4. Aegina – Aegina is one of the Saronic Islands of Greece in the Saronic Gulf,27 kilometres from Athens. Tradition derives the name from Aegina the mother of the hero Aeacus, during ancient times Aegina was a rival of Athens, the great sea power of the era. The municipality of Aegina consists of the island of Aegina and a few offshore islets and it is part of the Islands regional unit, Attica region. The municipality is subdivided into the five communities, Aegina Kypseli Mesagros Perdika Vathy The capital is the town of Aegina. Due to its proximity to Athens, it is a vacation place during the summer months. The province of Aegina was one of the provinces of the Piraeus Prefecture and its territory corresponded with that of the current municipalities Aegina and Agkistri. Aegina is roughly triangular in shape, approximately 15 km from east to west and 10 km from north to south, with an area of 87.41 km2, an extinct volcano constitutes two thirds of Aegina. Economically, the fisheries are of notable importance. The southern volcanic part of the island is rugged and mountainous and its highest rise is the conical Mount Oros in the south, and the Panhellenian ridge stretches northward with narrow fertile valleys on either side. The beaches are also a popular tourist attraction, hydrofoil ferries from Piraeus take only forty minutes to reach Aegina, the regular ferry takes about an hour, with ticket prices for adults within the 4–15 euro range. There are regular bus services from Aegina town to destinations throughout the island such as Agia Marina, portes is a fishing village on the east coast. Aegina, according to Herodotus, was a colony of Epidaurus and its placement between Attica and the Peloponnesus made it a site of trade even earlier, and its earliest inhabitants allegedly came from Asia Minor. Minoan ceramics have been found in contexts of ca.2000 BC, the famous Aegina Treasure, now in the British Museum is estimated to date between 1700 and 1500 BC. It is probable that the island was not doricised before the 9th century BC. e. not later than the half of the 7th century BC. Its early history reveals that the importance of the island dates back to pre-Dorian times. It is usually stated on the authority of Ephorus, that Pheidon of Argos established a mint in Aegina, the first city-state to issue coins in Europe, one stamped stater can be seen in the Bibliothèque Nationale of Paris. It is an electrum stater of a turtle, a sacred to Aphrodite. The fact that the Aeginetic standard of weights and measures was one of the two standards in use in the Greek world is sufficient evidence of the early commercial importance of the island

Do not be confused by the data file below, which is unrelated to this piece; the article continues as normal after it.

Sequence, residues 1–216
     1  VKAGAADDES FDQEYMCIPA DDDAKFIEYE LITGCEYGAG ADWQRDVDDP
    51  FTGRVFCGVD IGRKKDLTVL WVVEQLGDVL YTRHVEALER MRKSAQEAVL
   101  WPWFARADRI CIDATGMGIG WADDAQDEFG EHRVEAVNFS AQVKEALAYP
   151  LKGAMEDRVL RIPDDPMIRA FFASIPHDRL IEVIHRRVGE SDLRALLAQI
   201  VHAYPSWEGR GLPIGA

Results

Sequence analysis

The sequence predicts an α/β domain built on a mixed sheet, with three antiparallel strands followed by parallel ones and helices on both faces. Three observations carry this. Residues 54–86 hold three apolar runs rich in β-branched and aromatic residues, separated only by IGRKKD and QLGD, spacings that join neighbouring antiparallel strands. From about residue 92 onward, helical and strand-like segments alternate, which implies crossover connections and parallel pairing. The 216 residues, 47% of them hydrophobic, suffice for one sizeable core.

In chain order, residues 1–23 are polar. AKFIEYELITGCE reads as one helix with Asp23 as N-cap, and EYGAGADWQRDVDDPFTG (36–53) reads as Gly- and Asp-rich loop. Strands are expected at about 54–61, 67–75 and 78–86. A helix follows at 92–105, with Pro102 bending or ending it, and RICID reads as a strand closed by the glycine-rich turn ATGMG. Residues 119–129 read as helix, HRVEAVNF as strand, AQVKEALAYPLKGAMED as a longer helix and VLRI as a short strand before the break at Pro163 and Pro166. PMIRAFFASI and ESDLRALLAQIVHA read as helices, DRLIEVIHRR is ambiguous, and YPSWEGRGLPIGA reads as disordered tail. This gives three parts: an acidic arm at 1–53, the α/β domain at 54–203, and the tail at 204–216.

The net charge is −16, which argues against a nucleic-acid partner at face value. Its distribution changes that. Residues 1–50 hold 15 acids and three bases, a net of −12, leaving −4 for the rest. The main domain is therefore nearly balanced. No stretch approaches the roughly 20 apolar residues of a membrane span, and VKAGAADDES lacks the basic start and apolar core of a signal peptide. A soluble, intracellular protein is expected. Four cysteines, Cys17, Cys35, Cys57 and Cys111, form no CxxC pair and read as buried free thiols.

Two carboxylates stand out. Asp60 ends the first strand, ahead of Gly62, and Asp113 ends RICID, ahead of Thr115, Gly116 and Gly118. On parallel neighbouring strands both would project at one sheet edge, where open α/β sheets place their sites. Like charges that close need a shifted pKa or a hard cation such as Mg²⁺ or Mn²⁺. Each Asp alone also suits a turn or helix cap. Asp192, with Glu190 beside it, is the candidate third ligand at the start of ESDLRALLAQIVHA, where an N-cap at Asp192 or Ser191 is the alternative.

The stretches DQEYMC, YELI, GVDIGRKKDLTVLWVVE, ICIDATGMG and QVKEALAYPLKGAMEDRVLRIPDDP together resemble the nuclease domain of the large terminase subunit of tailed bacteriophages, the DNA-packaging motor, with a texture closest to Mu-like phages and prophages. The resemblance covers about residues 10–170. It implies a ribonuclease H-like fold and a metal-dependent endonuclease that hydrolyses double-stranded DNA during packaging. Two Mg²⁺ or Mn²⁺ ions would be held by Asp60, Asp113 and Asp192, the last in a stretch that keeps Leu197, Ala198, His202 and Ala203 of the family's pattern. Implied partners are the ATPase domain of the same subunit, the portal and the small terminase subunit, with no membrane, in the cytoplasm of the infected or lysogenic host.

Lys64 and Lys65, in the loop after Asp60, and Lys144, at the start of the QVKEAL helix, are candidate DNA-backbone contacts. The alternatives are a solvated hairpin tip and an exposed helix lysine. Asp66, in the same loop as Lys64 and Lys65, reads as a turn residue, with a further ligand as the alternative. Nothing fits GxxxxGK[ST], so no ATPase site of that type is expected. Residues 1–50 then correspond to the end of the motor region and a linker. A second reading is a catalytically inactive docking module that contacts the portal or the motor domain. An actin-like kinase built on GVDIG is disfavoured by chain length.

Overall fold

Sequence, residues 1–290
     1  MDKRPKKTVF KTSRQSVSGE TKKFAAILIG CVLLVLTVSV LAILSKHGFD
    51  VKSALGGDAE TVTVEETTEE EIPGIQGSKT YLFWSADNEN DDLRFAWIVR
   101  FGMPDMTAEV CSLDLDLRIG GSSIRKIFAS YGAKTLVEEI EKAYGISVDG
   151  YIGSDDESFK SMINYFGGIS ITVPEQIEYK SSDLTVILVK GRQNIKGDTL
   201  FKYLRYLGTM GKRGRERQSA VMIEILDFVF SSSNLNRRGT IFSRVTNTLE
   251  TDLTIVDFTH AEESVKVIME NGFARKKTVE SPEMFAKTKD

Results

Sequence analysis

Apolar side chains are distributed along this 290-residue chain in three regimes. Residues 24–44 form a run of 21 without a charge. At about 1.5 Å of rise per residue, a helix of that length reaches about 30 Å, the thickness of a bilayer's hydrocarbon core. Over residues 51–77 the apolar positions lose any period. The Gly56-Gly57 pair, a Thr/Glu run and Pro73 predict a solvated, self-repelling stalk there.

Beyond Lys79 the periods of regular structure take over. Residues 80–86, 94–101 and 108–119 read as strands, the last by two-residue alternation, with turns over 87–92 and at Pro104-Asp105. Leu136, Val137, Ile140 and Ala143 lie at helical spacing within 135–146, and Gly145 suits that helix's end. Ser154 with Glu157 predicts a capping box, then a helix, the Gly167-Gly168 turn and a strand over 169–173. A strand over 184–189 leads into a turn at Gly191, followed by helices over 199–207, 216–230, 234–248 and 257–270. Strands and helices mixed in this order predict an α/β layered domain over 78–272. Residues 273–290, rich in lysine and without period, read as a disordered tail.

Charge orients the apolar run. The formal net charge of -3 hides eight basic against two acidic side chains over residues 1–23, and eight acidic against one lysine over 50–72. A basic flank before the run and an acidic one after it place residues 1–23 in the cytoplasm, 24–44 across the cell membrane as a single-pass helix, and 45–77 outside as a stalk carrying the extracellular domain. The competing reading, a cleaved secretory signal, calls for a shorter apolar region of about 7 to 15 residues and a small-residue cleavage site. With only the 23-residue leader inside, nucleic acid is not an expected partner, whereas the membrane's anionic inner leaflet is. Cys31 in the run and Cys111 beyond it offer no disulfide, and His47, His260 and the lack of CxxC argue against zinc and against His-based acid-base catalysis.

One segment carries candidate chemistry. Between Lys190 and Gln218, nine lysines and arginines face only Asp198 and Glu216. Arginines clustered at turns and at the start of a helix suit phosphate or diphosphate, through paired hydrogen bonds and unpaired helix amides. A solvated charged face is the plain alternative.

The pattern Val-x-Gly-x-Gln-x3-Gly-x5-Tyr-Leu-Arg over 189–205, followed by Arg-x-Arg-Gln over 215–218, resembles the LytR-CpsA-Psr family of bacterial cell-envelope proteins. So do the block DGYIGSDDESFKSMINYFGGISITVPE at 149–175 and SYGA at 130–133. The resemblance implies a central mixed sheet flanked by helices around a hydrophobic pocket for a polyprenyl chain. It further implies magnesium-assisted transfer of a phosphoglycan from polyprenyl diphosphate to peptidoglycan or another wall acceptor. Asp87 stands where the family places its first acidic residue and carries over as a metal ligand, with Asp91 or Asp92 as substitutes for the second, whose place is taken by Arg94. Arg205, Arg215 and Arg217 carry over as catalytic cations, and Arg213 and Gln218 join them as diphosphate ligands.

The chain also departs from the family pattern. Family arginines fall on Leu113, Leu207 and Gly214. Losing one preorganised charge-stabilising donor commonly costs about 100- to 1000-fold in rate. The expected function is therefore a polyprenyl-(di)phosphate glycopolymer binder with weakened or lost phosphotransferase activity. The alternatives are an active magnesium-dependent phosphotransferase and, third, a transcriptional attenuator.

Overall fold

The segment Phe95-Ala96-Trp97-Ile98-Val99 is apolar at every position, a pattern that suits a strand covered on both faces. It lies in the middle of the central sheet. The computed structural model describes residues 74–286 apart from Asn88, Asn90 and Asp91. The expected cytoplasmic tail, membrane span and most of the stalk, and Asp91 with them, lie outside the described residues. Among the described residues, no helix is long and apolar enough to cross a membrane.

5. Akanthos (Greece) – Akanthos was an ancient Greek city on the Athos peninsula. It was located near the town of Ierissos on the north-east side of Akti. The name of the ancient city is due to the nature of the area or to the thorny nature of the towns foundation. It was founded by 7th century BC by colonists from Andros, plutarch, on the other hand, referred to it as a mixed colony of Andrians and local Chalcidians, which was founded on the Coast of Drakontos, in place of a preexisting civilization. He writes that settlers from Andros and Chalcis arrived on the shore at the same time, the natives of Acanthus, seeing the crowd of settlers, became frightened and left the city. The settlers sent an explorer each to see what had happened and, as they approached the city and realized it was empty, ran to be the first to take over the land for their fellow countrymen. The Chalcidian was the fastest but the Andrian, seeing he was losing, stopped and threw his spear on the walls gate, a court case followed, which was won by the Andrians, because as they protested, they had just about taken over the city first. Its economic resources emanated from the mining and wood from the nearby forests and they declared one of his relatives who died in the area, named Artahei, a hero, and willingly took part in the expedition against Greece. After the Persian wars Acanthus became a member of the Athenian Alliance, in the initial phase of the establishment of the Chalcidice League, it was mainly smaller towns and cities in Macedonia that were enrolled. Only when it was established was an offer made to Acanthus. When this was refuse an offer was made but with the threat that force would be used should Acanthus refuse to join the federation. The townsfolk refused to join it, in due to the old quarrel with the Chalcidians. Under threat from the Chalcidians, Acanthus called in Spartas help, which came in 382 BC when the Spartans and Acanthians captured and destroyed Olynthos and the alliance, at least temporarily. Acanthuss staying-out of the alliance meant that in 350 BC, when it was conquered by Philip II of Macedon, later it was incorporated to the region of Ouranoupolis, a new city that was founded by Alexarchos, in the isthmus, between the Strymoinan and the Singitic gulfs. According to Livy, Acanthus was attacked by a Roman-Pergamene fleet in 199 BC during the Second Macedonian War, the Romans later exploited all the natural sources of wealth and its harbor, and the town continued through the Roman and Byzantine period. The ancient city extended along a hillside, about 0.6 km south-east of modern Ierissos. Remains of walls, a citadel, and Hellenistic buildings survive, along with a deserted Byzantine church. The city itself has not been excavated, but the necropolis has, starting in 1973, particularly extensive is the sight of the cemetery along the seaside of Ierissos